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Moko battery kit for Xbox One controller is an affordable alternative to Microsoft's official option

Microsoft's official play and charge kit (opens in new tab) for the Xbox One controller is very good, and it's a definite improvement over having to swap out batteries every time the control pad dies. The fact the Xbox One controller doesn't just have an internal battery like Sony has on the DualShock 4 is disappointing enough in itself.

The only drawback to the official kit is that you have to charge the battery inside the controller. Without an external charger, you can't stack multiple battery packs and have a fresh one ready to go when you run out.

That's where this third-party kit from Moko has an advantage.

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Moko battery pack

You get two batteries in this kit, meaning one can be charging while you're using your wireless controller so it's ready the moment you need it. Each of these Moko batteries is physically the same size as the Microsoft ones, but with a much lower capacity.

The official battery has a 1,400 mAh capacity good for, Microsoft says, up to 30 hours gaming. I've never really counted, but that feels about right. The Moko batteries have only a 600 mAh capacity each, so the pair combined is still a little short of that one Microsoft battery pack.

This is disappointing, and in real terms only seems to allow six to seven hours of play time before you need to swap in the other. The benefit, of course, is that USB charging dock that the now empty battery can go straight into.

Moko battery pack

It uses a standard 5V of power and works fine when plugged into the USB ports on your Xbox One console. When charging, you get a small blue LED but other than that it's a simple cradle. You have to use this, too, as these batteries don't have the contacts like the official one to charge inside the controller.

You also have to be a little careful inserting these batteries into the controller, since there are no real markings to show you where to go. If you've never used a battery pack before, the end with no contacts on it goes up against the + and - terminals. The two dot-shaped connectors go on the other side, or the left if you're looking from the rear of the controller.

Despite the shortfall in life, this is a decent kit for the Xbox One controller. The combination of the external charger and the price of just $16 makes it more affordable and more convenient if you're not a fan of having to plug your controller in. They're also available in white.

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Richard Devine is an Editor at Windows Central. A former Project Manager and long-term tech addict, he joined Mobile Nations in 2011 and has been found on Android Central and iMore as well as Windows Central. Currently you'll find him covering all manner of PC hardware and gaming, and you can follow him on Twitter and Instagram.

9 Comments
  • rubbish not lithium ion. no thanks!
  • As someone who plays both ps4 and Xbox, being able to swap batteries on the Xbox controller is far more convenient than them being built in.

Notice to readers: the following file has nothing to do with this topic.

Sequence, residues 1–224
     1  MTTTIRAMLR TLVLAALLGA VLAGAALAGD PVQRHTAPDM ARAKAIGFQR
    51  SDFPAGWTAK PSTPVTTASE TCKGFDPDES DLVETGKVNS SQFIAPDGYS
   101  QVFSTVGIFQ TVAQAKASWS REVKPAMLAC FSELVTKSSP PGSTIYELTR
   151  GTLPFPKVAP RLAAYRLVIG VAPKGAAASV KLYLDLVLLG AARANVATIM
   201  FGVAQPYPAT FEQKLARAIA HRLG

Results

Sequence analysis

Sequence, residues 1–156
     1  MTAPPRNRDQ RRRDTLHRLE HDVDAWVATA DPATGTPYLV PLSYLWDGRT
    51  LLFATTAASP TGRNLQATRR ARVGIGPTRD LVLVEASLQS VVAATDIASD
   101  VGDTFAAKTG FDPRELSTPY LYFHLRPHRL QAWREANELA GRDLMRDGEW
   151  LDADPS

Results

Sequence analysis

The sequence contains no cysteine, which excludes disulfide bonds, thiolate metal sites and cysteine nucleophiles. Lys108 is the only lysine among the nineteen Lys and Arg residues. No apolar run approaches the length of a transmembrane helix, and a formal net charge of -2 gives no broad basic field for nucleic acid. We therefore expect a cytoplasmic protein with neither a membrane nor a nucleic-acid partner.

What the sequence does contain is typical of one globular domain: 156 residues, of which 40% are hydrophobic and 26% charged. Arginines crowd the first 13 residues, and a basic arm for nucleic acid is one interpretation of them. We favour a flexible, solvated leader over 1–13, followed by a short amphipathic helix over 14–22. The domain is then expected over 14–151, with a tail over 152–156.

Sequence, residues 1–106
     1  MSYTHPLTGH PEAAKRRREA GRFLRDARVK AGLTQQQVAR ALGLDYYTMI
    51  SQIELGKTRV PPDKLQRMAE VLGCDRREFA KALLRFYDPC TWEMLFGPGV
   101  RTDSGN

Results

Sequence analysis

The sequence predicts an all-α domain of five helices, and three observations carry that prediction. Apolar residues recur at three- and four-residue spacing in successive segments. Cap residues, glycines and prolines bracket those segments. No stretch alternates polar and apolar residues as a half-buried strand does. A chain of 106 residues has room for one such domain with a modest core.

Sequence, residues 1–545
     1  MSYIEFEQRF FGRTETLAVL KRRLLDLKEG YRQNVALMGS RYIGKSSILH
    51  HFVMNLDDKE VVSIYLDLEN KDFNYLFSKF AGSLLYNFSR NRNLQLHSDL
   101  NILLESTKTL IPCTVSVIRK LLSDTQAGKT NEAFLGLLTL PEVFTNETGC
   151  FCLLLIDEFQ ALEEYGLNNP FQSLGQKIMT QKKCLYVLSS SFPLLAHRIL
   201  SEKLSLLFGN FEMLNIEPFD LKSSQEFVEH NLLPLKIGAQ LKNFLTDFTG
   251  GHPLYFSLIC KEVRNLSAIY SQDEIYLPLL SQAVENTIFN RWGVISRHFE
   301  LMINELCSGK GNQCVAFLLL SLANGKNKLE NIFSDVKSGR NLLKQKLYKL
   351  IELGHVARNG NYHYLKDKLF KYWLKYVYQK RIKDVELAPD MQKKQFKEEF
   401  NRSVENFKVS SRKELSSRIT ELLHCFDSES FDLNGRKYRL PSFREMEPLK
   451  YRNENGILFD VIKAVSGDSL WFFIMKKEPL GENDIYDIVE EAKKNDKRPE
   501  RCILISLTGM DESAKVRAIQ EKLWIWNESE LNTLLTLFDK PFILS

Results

• Totally agree. I recently had to buy a new PS3 controller (fourth in its lifetime) to replace one that wouldn't charge anymore.
  • I've been using these (link below) in my controllers and remotes.  They work great.  I love that I can just put regular batteries in these as well.  I've had to do that at a game night at a friends when I forgot my cable. https://www.amazon.com/EBL-Battery-Charger-Rechargeable-Batteries/dp/B00...  
  • I'm confused Richard writes "The fact the Xbox One controller doesn't just have an internal battery like Sony has on the Dual Shock 4 is disappointing enough in itself."  Then writes "The only drawback to the official kit is that you have to charge the battery inside the controller. Without an external charger, you can't stack multiple battery packs and have a fresh one ready to go when you run out."  The Dual Shock 4 suffers from the same problem. So why is he disappointed?
  • The fact that the Xbox controllers use regular batteries is imho one of the biggest pluses it has on the DS4. I have a charging stand where I swap between two controllers right now, but I have a lot of rechargeable batteries around the house in other devices, and I could just as well use these.
  • Agreed that it appears like a PS4 fanboy, because the plusses and minus are contradictory between the 2 controllers. Since if the battery is internal it cannot be replaced, that is a big negative. That means if it goes bad you are screwed. I have been using the "NYKO Charge Base for Xbox One" and have been enjoying it. You have to charge in the controller is the only negative, but I always have a controller charged in case I need it.
  • Just buy a 4 of Endloop or Endloop Pros with the charger and be done with it. I get about the same if not more battery life than this with no ugly mismatching packs or special chargers.
  • swapping out batteries is a good thing since the only alternatives otherwise is tossing the dead controller and buying a new one or mailing it to be serviced. That said I think the official batteries have a worse life span because of the bluetooth and I can notice a faint electrical hum from the bottoms when nothing is plugged into them (these seem to have even worse battery life). If I had to choose I'm always going to stick with MS brand or AA's. I read too many horror stories on Best Buy or Amazon where 3rd party kit not only started burning up temperature-wise enough to melt the controller parts but also literally caught fire or popped. No thanks to that